It can be difficult to know when bad behavior crosses the line into abuse. So, what is domestic abuse? According the Center For Disease Control, “domestic violence is abusive or violent action that occurs between two individuals in a close relationship.”
A lot of us have bad behavior from time to time. We’ve all had times when we’ve lost our temper and spoken harshly to people we love. I don’t know any woman who hasn’t wanted to ring her husband’s neck at some point in the marriage and many men have thrown up his hands in frustration. It happens. We storm out, explode, melt down, shut out—it happens to all of us (doesn't it?)
Bad behavior occurs occasionally and generally speaking is quickly resolved. Abusive behavior becomes part of a recurring cycle:
Tension: builds steadily, she angers more easily—she’s more edgy
- She withdraws from you sexually (here we go again)
- Gives you the silent treatment and makes snide comments
- Complains about what you don’t do and how you should be doing the stuff you are doing
As tension builds
- Intentionally antagonizes—brings up touchy, unresolved issues, does little things she knows gets under your skin
- Talks about you like you are not in the room
- Calls you incessantly while you are at work or out of town
- Embarrasses you in front of family, friends or colleagues
- Nags at you consistently
- Attack your character, masculinity, fatherhood, spiritual life, career path, hobbies, dreams...
- Walk on eggshells trying not to set her off truth is, you just don’t want to “deal with her shit”
- Start coming home later, leaving earlier
- Do your best to stay out of her way
- Brace yourself for what you know is coming next
Explosion:Something “sets her off”—There is some type of “final straw” which can be real or imagined, large or small, you might see it coming and it could blind side you all together.
- Escalates her voice…next thing you know there is
- shouting and throwing and pushing,
- hitting, cussing, blaming, accusing, threats….
- Breaks things on purpose or as a result of throwing them at you (aren't you glad she missed...again?)
- Might be rude, demeaning, or just mean to people you care about (family, friends, colleagues, parishioners, customers) instead of (and in front of) you;
- Calls the police to report your behaviors
This explosion could be isolated or it could continue over several days—it often looks like an extreme tantrum.
Something happens to shut it down…
- Get arrested (if police are called)—likely she doesn’t press charges, there’s just enough intimidation to let you know that she has power
- Might frighten her by raising your voice
- Threaten to leave or actually do leave
- Threaten to put her out of the home
And then after the explosion settles……..
Reconciliation:Could be initiated by you, could be initiated by her….
- Forgives you of whatever you did to set her off
- Apologizes for her behavior
- Gives lots of heart felt excuses for her behaviors
- Promises to do better
- Agrees to get help (mental health, counseling, addiction treatment, spiritual guidance)
- Feel guilty that you were so horrible
- Feel hopeful that she is really making a change
- Are relieved that she has calmed down so you just go along with it
and for a while (this may be days, weeks or even a month or so) there is….
Calm: little conflict, some fun, some conversations and actions are like the "good ol' days"
- Might actually go to counseling a few times or take medication (if prescribed)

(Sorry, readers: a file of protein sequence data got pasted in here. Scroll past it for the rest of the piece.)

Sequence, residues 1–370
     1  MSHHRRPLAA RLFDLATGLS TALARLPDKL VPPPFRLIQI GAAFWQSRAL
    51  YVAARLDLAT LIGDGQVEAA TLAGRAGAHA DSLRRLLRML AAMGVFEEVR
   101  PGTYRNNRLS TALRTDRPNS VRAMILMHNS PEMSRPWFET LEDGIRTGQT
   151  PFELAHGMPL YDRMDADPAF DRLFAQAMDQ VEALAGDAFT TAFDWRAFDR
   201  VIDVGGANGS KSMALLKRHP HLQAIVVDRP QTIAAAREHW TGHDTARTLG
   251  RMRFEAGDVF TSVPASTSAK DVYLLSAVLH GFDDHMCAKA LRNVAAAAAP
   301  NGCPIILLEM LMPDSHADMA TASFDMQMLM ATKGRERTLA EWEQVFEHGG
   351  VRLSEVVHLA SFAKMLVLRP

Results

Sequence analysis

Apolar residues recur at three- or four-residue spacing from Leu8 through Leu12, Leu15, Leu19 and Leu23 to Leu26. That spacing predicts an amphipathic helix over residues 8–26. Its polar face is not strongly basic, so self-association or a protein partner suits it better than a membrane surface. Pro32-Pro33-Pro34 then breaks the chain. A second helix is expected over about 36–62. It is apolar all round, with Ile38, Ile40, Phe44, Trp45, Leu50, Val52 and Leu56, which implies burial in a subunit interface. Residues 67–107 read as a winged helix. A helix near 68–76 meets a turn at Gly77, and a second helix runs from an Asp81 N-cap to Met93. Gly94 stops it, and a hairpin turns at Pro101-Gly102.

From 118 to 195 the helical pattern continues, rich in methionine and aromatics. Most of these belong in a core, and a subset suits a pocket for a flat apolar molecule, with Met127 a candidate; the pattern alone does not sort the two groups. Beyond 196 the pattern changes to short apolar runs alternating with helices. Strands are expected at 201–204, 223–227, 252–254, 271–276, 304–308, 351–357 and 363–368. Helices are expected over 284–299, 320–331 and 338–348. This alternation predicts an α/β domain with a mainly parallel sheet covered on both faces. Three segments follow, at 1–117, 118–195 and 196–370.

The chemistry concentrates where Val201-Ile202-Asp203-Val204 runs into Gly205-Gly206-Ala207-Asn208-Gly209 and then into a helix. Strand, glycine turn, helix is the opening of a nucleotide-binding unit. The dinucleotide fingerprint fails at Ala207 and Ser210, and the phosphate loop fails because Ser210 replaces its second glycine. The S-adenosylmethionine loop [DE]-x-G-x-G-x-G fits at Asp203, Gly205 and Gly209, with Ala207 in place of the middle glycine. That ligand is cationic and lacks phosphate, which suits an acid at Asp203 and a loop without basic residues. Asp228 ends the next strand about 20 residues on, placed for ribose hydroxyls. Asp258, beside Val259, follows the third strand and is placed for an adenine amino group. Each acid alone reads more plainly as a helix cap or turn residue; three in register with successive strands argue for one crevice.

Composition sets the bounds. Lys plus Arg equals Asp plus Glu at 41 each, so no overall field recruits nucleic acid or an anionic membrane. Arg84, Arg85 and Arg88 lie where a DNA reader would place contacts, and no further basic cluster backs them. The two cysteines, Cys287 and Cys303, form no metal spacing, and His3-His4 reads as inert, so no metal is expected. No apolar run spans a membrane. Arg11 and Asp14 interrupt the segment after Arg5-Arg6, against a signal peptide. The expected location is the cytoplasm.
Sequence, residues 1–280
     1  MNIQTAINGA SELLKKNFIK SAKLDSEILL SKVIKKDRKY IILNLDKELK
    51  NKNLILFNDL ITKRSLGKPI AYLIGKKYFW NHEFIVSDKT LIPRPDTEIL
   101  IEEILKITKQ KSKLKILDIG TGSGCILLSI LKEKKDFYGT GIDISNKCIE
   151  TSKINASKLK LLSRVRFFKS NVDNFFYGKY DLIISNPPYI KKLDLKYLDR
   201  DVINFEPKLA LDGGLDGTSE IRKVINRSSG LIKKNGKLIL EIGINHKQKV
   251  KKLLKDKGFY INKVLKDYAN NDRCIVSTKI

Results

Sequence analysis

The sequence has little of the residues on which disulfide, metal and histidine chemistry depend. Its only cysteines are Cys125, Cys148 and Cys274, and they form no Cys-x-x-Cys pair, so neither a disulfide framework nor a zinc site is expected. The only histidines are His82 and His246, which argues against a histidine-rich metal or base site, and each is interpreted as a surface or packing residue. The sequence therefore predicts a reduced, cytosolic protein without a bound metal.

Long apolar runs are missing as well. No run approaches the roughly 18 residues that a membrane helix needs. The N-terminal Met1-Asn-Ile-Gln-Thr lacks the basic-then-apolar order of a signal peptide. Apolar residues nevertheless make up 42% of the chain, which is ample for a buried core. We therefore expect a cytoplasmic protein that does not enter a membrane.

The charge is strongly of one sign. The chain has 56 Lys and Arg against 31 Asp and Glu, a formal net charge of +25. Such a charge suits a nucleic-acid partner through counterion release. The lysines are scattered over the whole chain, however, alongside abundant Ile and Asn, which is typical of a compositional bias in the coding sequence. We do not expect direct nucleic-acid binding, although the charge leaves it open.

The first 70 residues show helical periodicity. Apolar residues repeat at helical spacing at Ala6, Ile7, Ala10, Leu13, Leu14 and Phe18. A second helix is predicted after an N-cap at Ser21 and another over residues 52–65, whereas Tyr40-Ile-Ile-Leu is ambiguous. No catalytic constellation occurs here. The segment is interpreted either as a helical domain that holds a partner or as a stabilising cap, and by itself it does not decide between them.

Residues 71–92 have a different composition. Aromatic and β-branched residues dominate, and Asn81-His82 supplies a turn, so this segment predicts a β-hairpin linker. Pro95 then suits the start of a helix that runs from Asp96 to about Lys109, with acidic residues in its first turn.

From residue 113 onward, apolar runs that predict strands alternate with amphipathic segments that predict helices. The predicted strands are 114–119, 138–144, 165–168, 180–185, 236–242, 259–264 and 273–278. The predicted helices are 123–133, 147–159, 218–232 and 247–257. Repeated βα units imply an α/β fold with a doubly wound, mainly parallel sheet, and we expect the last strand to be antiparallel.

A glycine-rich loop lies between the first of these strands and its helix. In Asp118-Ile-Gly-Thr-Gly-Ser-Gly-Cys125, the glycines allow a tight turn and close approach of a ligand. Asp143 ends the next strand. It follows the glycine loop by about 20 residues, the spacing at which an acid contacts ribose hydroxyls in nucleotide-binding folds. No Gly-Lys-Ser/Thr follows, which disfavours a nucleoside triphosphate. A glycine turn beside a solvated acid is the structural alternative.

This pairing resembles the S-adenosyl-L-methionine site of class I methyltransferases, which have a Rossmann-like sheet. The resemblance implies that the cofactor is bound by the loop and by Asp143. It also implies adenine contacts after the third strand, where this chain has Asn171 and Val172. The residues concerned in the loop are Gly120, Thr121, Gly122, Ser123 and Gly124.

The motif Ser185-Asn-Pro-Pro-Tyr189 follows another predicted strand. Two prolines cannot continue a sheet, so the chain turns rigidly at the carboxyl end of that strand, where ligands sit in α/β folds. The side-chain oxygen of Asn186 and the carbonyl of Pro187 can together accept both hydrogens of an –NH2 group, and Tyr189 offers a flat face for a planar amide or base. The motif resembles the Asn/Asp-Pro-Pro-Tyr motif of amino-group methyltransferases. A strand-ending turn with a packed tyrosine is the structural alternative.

- Might suggest a “romantic getaway”
- Buy you gifts
- Do things you've been asking her to do
- Be more attentive to your needs sexually, cooking your favorite meals, tolerating behaviors she normally complains about
- Might begin feeling more relaxed
- Remember why you wanted to be with her to begin with
- Have hope that she has really changed this time or
- Be skeptical and on your guard
Things are seemingly going along just fine~ish....and just like that…..tension begins to build again….and so the cycle continues
Maybe she had a terrible childhood that you know contributes to her abusive behaviors. Maybe she acts like her mom—or yours. Maybe, maybe, maybe….
I know that love heals—your love can help her heal, but she will not heal without professional intervention.
If she will not get help YOU get help for yourself. Seek a licensed, professional therapist and an attorney, especially if children are involved.
I advise against seeking marital therapy or counseling from a spiritual advisor solely.
Abuse is not a marriage problem—it is the abuser’s problem. After she is treated and has begun really dealing with the root causes of her rage then the two of you can go to marriage counseling to develop new communication and coping skills.
A spiritual leader typically counsels men to either assert themselves as head of the household and/or holds the man accountable for the woman’s behaviors. Neither are fair in this type of situation.
Just as a woman is not bound to an abusive husband a man is not bound to an abusive wife.
I do not advocate couples divorcing; I really do believe divorce should be a last result. I also do not discourage divorce when one of the spouses is creating a physically, emotionally, spiritually or psychologically unsafe environment.
Men, remember, only the power of God can heal a person. A person must want to be made well. A person who wants to be well goes after healing—therapy, medication—whatever is needed.
If you or someone you know are abusing or being abused please seek help.
800-799-SAFE or 800-799-7233
If you need someone to talk to please call the national help line at 1-888-7HELPLINE.
In the St. Charles County area there are therapists who understand the abuse of men and the patterns of abusive women. You can call Breathrough Behavioral Care for confidential counseling. Dan and Michelle Robb are licensed therapists who accept most insurance plans and will work with you on a sliding scale if needed.